Arsuaga: Yes, because you see the final horizon. And that is very human. The fact, for example, that our genes survive us is impressive. Knowing that we have many genes shared with animals... makes you dizzy. It is dizzying to know how many bodies have come to me. This has a philosophical aspect, look at him. You just can't help but peek at that kind of thing.

This book cannot be conceived without eternity, too.

Miles: For me, the word eternity refers to a Sunday afternoon that never ends. I've always panicked on Sunday afternoons. When I had a surgical intervention they sedated me and… the feeling of not being there is like eternity. Or so I think.

Have you observed a special personality in Millás, has it caught your attention as an individual?

Arsuaga: Of course yes. He did not have a very close relationship with science or with nature and these books have opened up many worlds for him. And that only happens to someone special.

And what does this experience mean to you?

Miles: Well, my perception of everything has changed. In other words: I no longer see anything as I used to see it before. And now many times, when faced with something, I say: what would Arsuaga say about this. I have also realized how wrong it has been not to study more or get closer to science. I have always been in the Humanities and… without knowing these wonders. When I thought that it no longer made sense to approach science, at this age at which I have reached, I met Arsuaga. And I was struck by his verbal discourse. It made me want to knit it with what I do. And that is this book.

“Where there is a lot of life, there is a lot of death”, you say in the book.

Arsuaga: That's what it's all about, yes. Death is inseparable from life. Because everything is recycled and is continually dying and being born. And that must be claimed.

But Millás says that biology has no sense of humor.

Arsuaga: Well, it may be so. Biologists do have a sense of humor, but biology doesn't.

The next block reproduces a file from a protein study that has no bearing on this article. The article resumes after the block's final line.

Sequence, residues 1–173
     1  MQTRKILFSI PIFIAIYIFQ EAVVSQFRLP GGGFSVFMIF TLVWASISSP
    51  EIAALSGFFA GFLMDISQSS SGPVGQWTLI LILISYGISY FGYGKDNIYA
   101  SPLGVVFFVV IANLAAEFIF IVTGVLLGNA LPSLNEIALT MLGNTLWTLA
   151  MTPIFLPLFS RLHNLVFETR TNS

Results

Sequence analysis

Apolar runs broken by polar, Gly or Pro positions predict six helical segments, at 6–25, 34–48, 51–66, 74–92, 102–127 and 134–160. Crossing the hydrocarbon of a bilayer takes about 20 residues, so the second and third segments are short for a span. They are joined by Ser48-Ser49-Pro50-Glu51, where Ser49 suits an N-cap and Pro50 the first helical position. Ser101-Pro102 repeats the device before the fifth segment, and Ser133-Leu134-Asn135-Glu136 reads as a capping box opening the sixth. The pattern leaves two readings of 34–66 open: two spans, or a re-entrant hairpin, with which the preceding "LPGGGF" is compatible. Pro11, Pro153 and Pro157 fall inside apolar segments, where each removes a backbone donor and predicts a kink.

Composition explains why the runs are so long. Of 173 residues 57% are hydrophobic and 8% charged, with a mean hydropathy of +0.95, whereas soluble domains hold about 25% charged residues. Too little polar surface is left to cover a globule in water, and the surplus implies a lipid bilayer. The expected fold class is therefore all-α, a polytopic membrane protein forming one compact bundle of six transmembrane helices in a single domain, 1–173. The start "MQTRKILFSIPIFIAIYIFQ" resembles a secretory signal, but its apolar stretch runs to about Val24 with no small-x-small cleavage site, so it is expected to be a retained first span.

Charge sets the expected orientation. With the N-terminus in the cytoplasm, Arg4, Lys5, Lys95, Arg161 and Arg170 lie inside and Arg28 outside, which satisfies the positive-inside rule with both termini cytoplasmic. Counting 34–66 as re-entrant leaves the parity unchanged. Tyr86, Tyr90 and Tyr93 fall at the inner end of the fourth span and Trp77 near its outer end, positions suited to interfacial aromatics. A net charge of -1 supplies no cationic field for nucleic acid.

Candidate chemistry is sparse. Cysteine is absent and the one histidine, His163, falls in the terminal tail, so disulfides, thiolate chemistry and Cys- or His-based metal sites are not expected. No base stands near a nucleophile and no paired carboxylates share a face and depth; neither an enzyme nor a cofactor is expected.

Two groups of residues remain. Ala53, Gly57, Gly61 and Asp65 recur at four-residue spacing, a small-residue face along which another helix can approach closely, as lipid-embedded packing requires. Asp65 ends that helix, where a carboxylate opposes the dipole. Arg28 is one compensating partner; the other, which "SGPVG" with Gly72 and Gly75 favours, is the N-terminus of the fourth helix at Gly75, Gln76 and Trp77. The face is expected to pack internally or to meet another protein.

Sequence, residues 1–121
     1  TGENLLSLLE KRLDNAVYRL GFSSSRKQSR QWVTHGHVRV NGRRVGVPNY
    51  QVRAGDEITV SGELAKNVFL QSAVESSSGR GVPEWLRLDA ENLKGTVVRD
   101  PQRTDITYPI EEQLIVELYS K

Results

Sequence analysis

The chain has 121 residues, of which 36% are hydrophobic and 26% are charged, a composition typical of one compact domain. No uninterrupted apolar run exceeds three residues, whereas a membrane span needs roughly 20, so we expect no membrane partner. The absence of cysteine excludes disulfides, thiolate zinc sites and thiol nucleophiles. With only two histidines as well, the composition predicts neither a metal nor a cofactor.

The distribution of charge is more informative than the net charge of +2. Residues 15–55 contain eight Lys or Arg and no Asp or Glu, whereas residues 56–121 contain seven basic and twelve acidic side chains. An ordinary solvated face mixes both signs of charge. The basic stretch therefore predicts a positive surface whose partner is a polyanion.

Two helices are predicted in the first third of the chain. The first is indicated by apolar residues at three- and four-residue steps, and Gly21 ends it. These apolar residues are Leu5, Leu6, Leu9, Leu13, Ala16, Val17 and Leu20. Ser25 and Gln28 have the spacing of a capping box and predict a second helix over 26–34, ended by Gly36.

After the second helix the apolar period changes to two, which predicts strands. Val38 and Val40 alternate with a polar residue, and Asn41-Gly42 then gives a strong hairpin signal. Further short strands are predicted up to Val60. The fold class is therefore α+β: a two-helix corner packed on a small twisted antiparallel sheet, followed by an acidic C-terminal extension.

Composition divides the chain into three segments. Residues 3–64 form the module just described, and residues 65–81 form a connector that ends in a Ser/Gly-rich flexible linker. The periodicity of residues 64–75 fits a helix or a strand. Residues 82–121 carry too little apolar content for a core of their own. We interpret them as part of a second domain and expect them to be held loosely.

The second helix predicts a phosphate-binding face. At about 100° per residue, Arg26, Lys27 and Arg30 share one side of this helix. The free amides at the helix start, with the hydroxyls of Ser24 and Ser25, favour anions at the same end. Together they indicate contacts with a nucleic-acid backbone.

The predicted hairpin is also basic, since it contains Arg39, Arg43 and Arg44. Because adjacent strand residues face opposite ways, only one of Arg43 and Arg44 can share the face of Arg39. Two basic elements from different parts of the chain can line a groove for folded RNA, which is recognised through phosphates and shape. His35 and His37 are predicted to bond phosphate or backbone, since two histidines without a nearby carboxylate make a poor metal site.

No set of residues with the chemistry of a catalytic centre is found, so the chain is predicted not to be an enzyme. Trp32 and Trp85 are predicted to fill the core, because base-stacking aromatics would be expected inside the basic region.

I want to go to the tone of the writing, Millás. There is a high poetic temperature here, it is as if you were writing with joy. And your descriptions are very accurate.

Miles: It's just that precision seems like a literary attitude to me. This is what most attracted me to Arsuaga's oral discourse: precision. And that is also something very typical of poets. And science is also accurate.

Arsuaga: I always try to explain to my students that sentences have to be like mathematical equations. Each element of the equation is relevant and can change everything. And he has understood that very well. That is why I believe that there is a great scientist in Millás, what happens is that he has not developed it. First of all, he has creativity, which will allow him to invent theories. Because theories are invented. Then comes the accuracy of the mathematician and the ability to know how to describe.

Juan Luis Arsuaga and Juan José Millás. JOSE LUIS ROCA


You tell Arsuaga that writing this book has screwed up your life. Up to what point?

Miles: Well, there's something rhetorical about that. Until before this book, I knew he was an old man. But the image I had of myself was of someone younger. Because I don't have big ailments or what do I know. But when I started this book, I suddenly looked old and said: this book has screwed up my life.

But Arsuaga encourages you from time to time.

Miles: Yes. With sexual selection, for example, hahaha. He has explained to me that there are specific things that serve to attract the male or the female. The peacock's tail, for example, which is only for taste. How interesting, right?

Arsuaga defines himself as a provider of questions, but suddenly he is infected by your existentialism.

Miles: It's that Arsuaga, under that appearance of vitalism, has moments in which he sinks into Zen. Or in moments of despair.

What reflection does this country arouse in you now, after having talked about everything you have talked about in the book?

Miles: Today, specifically, very tired. A lot deja vu. Lots of groundhog day. Much boredom.

Arsuaga: Well… I think that this country is inexhaustible from the point of view of biological diversity, from the point of view of gastronomy, from the cultural point of view. Extraordinary. It is a country to enjoy. That then its inhabitants are spoiling it... that's another thing.Miles: And why have I not given this answer? Why haven't I noticed that?

Arsuaga: Because you're focused on the journalistic thing!